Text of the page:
“I don’t think it’s accurate to say my father was trying to make Steve into something Dad couldn’t be,” Chris said, “but that’s not to say Steve didn’t try too hard to please him. He tried to please my father more than anyone else.”
That was only part of the incentive for Howe.
He continued to work on his sizzling fastball and tinkered with a sinker pitch that excited college scouts.
While pitching lights out on the diamond, Howe did just well enough in the classroom that he accepted a scholarship to play at the University of Michigan.
Pitching for the Wolverines
After arriving in Ann Arbor, Howe quickly developed into one of the best pitchers in college baseball.
His freshman season saw the Wolverines finish just above .500 with a 22-19-1 record.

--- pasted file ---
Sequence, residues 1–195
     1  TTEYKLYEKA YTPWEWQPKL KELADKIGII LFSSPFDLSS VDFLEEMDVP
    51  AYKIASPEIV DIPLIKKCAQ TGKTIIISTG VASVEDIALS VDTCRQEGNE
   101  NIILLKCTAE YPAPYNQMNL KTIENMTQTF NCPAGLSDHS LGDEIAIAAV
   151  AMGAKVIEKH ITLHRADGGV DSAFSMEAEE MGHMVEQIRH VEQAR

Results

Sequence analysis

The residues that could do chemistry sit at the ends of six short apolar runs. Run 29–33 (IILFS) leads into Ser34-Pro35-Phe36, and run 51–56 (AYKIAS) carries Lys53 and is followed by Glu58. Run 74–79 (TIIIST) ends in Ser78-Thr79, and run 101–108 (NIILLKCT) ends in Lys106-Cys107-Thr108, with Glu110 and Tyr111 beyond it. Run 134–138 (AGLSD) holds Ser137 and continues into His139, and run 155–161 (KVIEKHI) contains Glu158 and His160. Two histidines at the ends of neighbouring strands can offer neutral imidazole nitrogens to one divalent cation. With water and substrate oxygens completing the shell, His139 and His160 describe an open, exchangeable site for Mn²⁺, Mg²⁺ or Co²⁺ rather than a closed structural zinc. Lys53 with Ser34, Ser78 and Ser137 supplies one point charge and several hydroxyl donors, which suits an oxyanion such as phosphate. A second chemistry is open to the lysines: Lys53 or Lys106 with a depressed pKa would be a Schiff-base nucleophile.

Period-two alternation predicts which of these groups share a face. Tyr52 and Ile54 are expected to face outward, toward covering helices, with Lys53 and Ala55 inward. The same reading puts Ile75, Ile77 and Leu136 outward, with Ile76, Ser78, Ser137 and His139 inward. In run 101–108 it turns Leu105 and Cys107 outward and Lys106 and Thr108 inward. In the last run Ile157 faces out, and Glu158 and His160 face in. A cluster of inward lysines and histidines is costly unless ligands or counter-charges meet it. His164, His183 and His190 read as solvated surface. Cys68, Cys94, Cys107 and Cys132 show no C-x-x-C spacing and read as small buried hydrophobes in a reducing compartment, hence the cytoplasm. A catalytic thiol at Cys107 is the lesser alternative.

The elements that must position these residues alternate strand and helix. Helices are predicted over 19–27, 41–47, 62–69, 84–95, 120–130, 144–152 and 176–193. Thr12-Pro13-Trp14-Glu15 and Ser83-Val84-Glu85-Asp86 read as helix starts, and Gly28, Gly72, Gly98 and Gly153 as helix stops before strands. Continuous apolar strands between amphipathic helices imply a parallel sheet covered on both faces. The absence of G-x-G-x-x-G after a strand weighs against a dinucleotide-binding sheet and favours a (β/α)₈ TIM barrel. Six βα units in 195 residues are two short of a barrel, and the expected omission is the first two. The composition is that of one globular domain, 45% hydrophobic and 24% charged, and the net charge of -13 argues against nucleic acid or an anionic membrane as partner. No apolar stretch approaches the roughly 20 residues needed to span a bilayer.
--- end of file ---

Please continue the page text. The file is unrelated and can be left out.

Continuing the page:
In 1977, Howe and his Michigan teammates improved to 33-15 and an appearance in the Mid West Regional tournament.
Howe was also named to the All-Big Ten team.
At the end of his second season, Howe was ready to leave school, convinced he was a sure-fire pro.
Howe was so convinced he would be drafted that he let his studies slide and nearly flunked out of Michigan.
Thankfully, his fiance, Cindy, convinced Howe to buckle down and return for a third season.
It would prove to be a wise decision.
Steve Howe's Michigan baseball MVP ring sold at auction for $1,320.https://t.co/lQX7XLDir9 pic.twitter.com/VCTvNVSNWc
— Tony Paul (@TonyPaul1984) March 25, 2019
That year, Michigan went 30-17 and made the College World Series tournament.
After defeating Baylor in the first round, the Wolverines lost to USC 11-3 in the second round.
Howe had continued his dominance on the mound during the ‘78 season and was named to his second All-Big Ten team.
In his college career, Howe won 31 games (the most in program history) and posted a 1.80 ERA.
Drafted by Los Angeles